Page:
While working in my family distributorship, I had the importance of gross margin dollars drilled into my head at a very young age. We occasionally talked about sales when it came to an extraordinary order, but the next question out of every mouth was—how did we do on it? In other words, did we make any gross margin on it or are we nurturing our charitable side? I think this awareness of gross margin came from an open attitude regarding financials and how income worked in the company. When your team understands how you pay for the operation of the company, the gross margin begins to take on a whole new meaning.
I am currently working with a client on changing the mindset from top-line sales to gross margin dollars. Eventually, we will drive down to net profit, but we needed to start with the basic concept of gross margin importance. Part of the process had to begin with the owner. He freely admits that he falls into the gross sales trap. It’s a big number. It’s fun to talk about. It just doesn’t do him a whole lot of good. When you want to change the mindset of the people who work with you and for you, it is important to talk the talk.
The transformation with this client began with education. With the help of the owner, we gathered the team and discussed how the income statement worked. Although I had a basic income statement generated, based on actual year-end numbers, we needed to make sure the employees understood the concept. When I discuss income statements in any teaching setting, I typically use the dollar bill trick to get the point across. I hold up a dollar and tell the group that we just sold something for a dollar and we paid the supplier 75 cents for it. Tear off about three-fourths of the bill and drop it on the floor. (By the way, if you use a larger denomination, you will really get their attention.) Holding the remaining one quarter of the bill, I explain that this represents gross margin. At this point, I ask the group if the owner of the company gets to put the gross margin in their back pocket at the end of the month. I usually see a shaking of heads, but I would bet that there are a few who believe that the owner pockets the gross margin dollars every month. Obviously, this isn’t the case.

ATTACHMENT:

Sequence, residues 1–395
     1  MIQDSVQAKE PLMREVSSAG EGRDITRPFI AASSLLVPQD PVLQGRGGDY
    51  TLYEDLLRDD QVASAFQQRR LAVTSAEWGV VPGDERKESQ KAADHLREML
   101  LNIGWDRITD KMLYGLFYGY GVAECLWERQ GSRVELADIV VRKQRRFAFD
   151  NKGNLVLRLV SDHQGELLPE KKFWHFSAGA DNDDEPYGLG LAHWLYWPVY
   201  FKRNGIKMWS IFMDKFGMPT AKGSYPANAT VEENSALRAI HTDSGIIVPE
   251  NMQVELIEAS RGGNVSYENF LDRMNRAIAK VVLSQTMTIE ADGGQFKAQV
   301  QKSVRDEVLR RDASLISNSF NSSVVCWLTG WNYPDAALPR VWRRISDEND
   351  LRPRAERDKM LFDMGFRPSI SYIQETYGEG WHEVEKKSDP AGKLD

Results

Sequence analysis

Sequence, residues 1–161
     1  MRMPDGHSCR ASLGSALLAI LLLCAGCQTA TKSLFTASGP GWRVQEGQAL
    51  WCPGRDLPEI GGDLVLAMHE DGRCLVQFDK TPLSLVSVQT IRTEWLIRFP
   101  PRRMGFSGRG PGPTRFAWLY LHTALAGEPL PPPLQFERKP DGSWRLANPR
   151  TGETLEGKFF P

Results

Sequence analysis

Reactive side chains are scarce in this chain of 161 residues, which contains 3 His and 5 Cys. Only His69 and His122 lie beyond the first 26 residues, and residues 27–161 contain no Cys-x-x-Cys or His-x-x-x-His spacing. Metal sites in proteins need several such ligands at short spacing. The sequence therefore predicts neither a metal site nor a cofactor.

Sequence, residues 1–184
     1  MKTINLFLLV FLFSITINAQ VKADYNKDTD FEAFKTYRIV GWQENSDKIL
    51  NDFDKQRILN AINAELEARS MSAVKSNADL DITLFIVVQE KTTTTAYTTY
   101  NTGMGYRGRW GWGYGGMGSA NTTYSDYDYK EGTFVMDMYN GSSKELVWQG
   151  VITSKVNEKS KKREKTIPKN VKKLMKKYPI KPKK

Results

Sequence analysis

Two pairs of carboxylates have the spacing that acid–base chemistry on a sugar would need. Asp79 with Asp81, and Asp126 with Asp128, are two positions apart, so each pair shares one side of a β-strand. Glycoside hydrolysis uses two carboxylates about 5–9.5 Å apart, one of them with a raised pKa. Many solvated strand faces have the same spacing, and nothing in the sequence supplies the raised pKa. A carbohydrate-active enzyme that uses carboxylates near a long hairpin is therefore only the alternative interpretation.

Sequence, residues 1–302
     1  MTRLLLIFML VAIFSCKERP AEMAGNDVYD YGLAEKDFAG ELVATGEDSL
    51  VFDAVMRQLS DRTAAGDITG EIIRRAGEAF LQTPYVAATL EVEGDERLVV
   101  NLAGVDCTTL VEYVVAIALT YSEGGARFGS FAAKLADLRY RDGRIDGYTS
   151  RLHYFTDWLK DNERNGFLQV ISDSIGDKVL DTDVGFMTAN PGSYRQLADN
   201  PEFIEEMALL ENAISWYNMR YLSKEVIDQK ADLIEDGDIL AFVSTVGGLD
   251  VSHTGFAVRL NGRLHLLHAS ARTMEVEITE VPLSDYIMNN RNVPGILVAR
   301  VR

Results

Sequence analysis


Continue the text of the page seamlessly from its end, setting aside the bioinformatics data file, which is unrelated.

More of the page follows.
I then start asking about the expenses that come out of the gross margin before it becomes net profit. While they list off some items (wages, benefits, rent, utilities, etc.), I am consistently ripping off bits of the bill and dropping it on the floor. I also make comments on each of the expense items and help them come up with a few they might have overlooked. Ultimately, I wind up with a very small chunk representing net profit. This leads to a discussion of the importance of gross and net profit. This demonstration is a great way to start changing the mindset.
Once this client’s team understood how the income flowed, we talked about the income statement of the location. We talked about how a slight improvement in gross margin would really change the net profit picture in the company. The next step in changing the mindset was to create gross profit goals in the company. We started with the least profitable location and developed a daily gross margin goal based on the current expenses for the location. We bumped it up a bit to foster some downstream profitability. By creating a daily gross margin goal, we provide a constant reminder of what we want to accomplish. In this case, we came up with a goal and then created a simple feedback method designed to show the location how it was doing.
Each day, the branch manager reviews the sales report from the previous day and writes the gross margin dollar total for the day on a wall calendar in his office. For those of you beginning to twitch in your seats, the number has no dollar designation or decimal points. In order to tie the number in with our goal, the number is either written in black pen (for gross margin dollars exceeding the goal) or red pen (for gross margin dollars below goal). The calendar is visible to the employees because you have to walk through the manager’s office to get to the refrigerator. It doesn’t get much simpler than this.
One of the ways to make sure that we are driving a gross margin mentality is to ensure that the sales compensation methodology supports our efforts. What are you basing sales compensation on? If the commission is a percentage of gross sales dollars, you are going to have a difficult time changing the mentality. Although many companies’ compensation plans are based on gross margin, there are still a few holdouts. I often see this in companies where cost is not shared with the sales team. This type of scheme can also be found in companies where deviation from established sales pricing is rare or non-existent. I hate to say it, but both of these scenarios lead me to believe that there are some real control issues in the executive team. When you don’t empower your people to do their job, your potential is severely limited.